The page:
Immersive technologies are now a ubiquitous feature of tech events and conversations. In the past few years, the technologies have permeated every industry and the hospitality sector has not been left behind.
Initial applications in this sector involved using either virtual reality or augmented reality to amplify the guest experience. One of the commonest applications has been the use of VR hotel tours and hotel room showcases. Some hotels have also leveraged VR in marketing their products, a perfect example of this being the Marriott Hotel with its “Travel Brilliantly” campaign that leveraged VR to virtually transport guests from a New York booth to various dream destinations. The use-cases then moved on to new frontiers including in-destination marketing, in-room entertainment and the pre-trip booking process.
For many hoteliers, the three-dimensional and computer-generated environment created by virtual reality and which can often be hyper-realistic with the right headsets, presents a new marketing minefield that could be tapped to elevate the customer experience at every level. Its manipulatable feature makes it an indispensable tool in the hands of marketers and branding specialists. The technology is already transforming the industry in multiple ways.
The rate of adoption of virtual reality in the hospitality industry has been quite unprecedented with players ranging from airlines to hotels hopping onto the bandwagon. Initially, these applications were centered around entertainment-based experiences. Some of the initial VR experiences involved hotel brands and other travel vendors enveloping their prospective audiences with the sights, sounds and scents of the hospitality product on offer. However, the scope of VR and AR applications in the hospitality industry has grown beyond just the clever marketing campaigns into more interesting and even more sophisticated dimensions.
Could Virtual Reality Replace the Actual Experience?
Innovation in the virtual reality space is creating new affordable and high-spec hardware that renders highly realistic immersive experiences. Some travel and tourism experts have wondered whether hyper-realistic VR experiences may one day replace the real thing and diminish the appetite for wanderlust. For the hotel and hospitality industry in general, VR and AR have always been seen as an opportunity and many have capitalized on their rising popularity to elevate the experience for their clients and gain a competitive edge.
Virtual reality applications in the hospitality industry can be broadly divided into the following areas:-
- Virtual travel experiences
- Virtual hotel tours
- Virtual booking processes
- Virtual reality training for hospitality staff
- Virtual reality entertainment
Virtual travel experiences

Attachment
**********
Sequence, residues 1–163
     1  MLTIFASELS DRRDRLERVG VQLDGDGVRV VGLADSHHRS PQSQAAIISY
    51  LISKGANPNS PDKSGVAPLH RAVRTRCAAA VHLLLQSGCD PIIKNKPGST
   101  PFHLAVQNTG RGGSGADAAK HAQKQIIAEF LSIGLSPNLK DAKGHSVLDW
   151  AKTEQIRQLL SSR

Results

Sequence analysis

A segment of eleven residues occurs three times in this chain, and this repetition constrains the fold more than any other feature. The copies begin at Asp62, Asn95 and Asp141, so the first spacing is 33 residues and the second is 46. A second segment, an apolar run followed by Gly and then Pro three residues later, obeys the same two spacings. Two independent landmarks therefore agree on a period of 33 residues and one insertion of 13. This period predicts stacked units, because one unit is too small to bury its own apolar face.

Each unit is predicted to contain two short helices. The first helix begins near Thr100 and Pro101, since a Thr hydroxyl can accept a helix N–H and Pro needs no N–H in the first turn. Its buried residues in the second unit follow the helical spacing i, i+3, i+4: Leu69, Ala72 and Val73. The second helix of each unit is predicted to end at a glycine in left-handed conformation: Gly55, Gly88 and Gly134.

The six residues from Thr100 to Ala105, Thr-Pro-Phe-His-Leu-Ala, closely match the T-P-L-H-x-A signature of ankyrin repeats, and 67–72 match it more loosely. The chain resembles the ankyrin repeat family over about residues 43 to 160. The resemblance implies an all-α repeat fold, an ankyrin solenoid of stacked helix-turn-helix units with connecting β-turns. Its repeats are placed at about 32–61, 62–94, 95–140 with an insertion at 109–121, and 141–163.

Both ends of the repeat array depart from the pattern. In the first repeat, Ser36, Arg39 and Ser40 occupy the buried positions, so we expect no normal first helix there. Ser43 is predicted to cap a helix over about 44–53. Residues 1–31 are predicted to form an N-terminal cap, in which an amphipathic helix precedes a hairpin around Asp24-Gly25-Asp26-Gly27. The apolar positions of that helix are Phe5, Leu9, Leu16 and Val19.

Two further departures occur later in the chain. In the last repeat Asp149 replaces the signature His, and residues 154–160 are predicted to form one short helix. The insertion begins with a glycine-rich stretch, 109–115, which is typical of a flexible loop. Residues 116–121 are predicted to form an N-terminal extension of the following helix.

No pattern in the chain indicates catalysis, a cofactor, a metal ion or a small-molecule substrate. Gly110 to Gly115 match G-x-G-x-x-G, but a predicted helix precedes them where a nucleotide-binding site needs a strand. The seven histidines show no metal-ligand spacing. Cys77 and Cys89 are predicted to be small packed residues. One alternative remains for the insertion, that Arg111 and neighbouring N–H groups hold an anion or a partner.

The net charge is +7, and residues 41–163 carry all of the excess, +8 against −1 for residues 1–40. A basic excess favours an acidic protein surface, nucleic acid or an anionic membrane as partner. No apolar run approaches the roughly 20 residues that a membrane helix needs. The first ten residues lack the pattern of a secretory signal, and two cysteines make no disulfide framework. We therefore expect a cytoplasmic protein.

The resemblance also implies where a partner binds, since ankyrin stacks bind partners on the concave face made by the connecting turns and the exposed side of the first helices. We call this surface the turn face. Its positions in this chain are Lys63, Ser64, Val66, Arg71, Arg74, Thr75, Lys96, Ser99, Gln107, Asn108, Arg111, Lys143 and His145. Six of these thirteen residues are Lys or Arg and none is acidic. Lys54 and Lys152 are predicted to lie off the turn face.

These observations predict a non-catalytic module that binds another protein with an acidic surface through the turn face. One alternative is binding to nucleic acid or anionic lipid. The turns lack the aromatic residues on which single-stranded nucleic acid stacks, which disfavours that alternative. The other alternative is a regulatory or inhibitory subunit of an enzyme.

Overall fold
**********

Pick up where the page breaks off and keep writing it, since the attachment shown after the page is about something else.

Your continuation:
Virtual travel is the kind of VR experience that the hospitality industry would rather not have. But the fear is quite misplaced. Even though virtual reality experiences are getting increasingly immersive, they still aren’t a match for the actual touristic experience. People want the real deal. Whether it’s a safari, ancient ruins or picturesque sandy beaches, people would rather book a flight and get a real feel of the experience than simply visualize it via a virtual reality headset.
Virtual travel is unlikely to replace the real touristic experience even if additional sensory features are incorporated into the virtual reality rig. In fact, research has shown that experiencing a destination via virtual reality usually makes the user even more inclined to visit the destination or attraction in person and get a real feel. An immersive VR tour might be reason enough for an avid traveler to throw caution to the wind and book a flight to their dream destination.
Virtual hotel tours
From a hospitality marketing perspective, virtual tours provide the most relevant application for virtual reality technology. Traditionally, the hospitality industry has relied on videos or static images of the travel product to attract clients. Imagery is still a powerful selling point for the hospitality sector so the more captivating the images are, the higher the probability of generating a conversion.
The average customer needs a lot of information before making a booking and virtual reality can be an important tool for conveying the experiential aspect of the product in a very realistic manner. Rather than reading long descriptions and seeing a few images of a room or a hotel, a virtual reality tour can give the customer the opportunity to experience the product for themselves before they make a booking. Virtual reality can give prospective customers a virtual “try before you buy” experience that can drastically boost conversion rates and give customers a better perception of what they are buying into.
It does not stop at the room tours. Hoteliers can also use virtual reality to give customers destinations tours where they can learn about the various attractions near their accommodation. It makes for a more wholesome trip.
The virtual reality hotel or destination tours can be made available on the hotel website or as part of a VR app store, thereby allowing guests to conveniently look at the hotel or room before they make the booking. Integrating it into the booking process can be a good way to boost the conversions. These experiences can be accessed via virtual headsets but it is also possible to package them inside 360-degree technology.
Virtual booking processes
The virtual tours can go in tandem with the ordinary travel booking process. However, it is now possible to implement a virtual booking process. This is where a user enters into a virtual environment, tours and reviews the product and is able to make a booking inside virtual reality. It’s another way to boost conversions with the help of VR.
Virtual reality booking processes have already been implemented by travel technology providers such as the global distribution system Amadeus which offers a VR platform where customers can search for and book flights, hotel rooms and even compare prices through VR to get the best rates.
Virtual booking systems have not yet been fully explored. It’s still the early days but it is easy to see how this could be a huge thing in the near future as virtual reality becomes more mainstream.
Virtual reality training for hospitality staff
Training is one of the best use-cases for virtual reality technology. The immersive, interactive and manipulatable nature of VR means that you can pack in a lot of information and illustrations that can aid in the learning process. Virtual reality training is being embraced across board by various institutions ranging from universities and colleges to businesses intent on passing on skills to staff.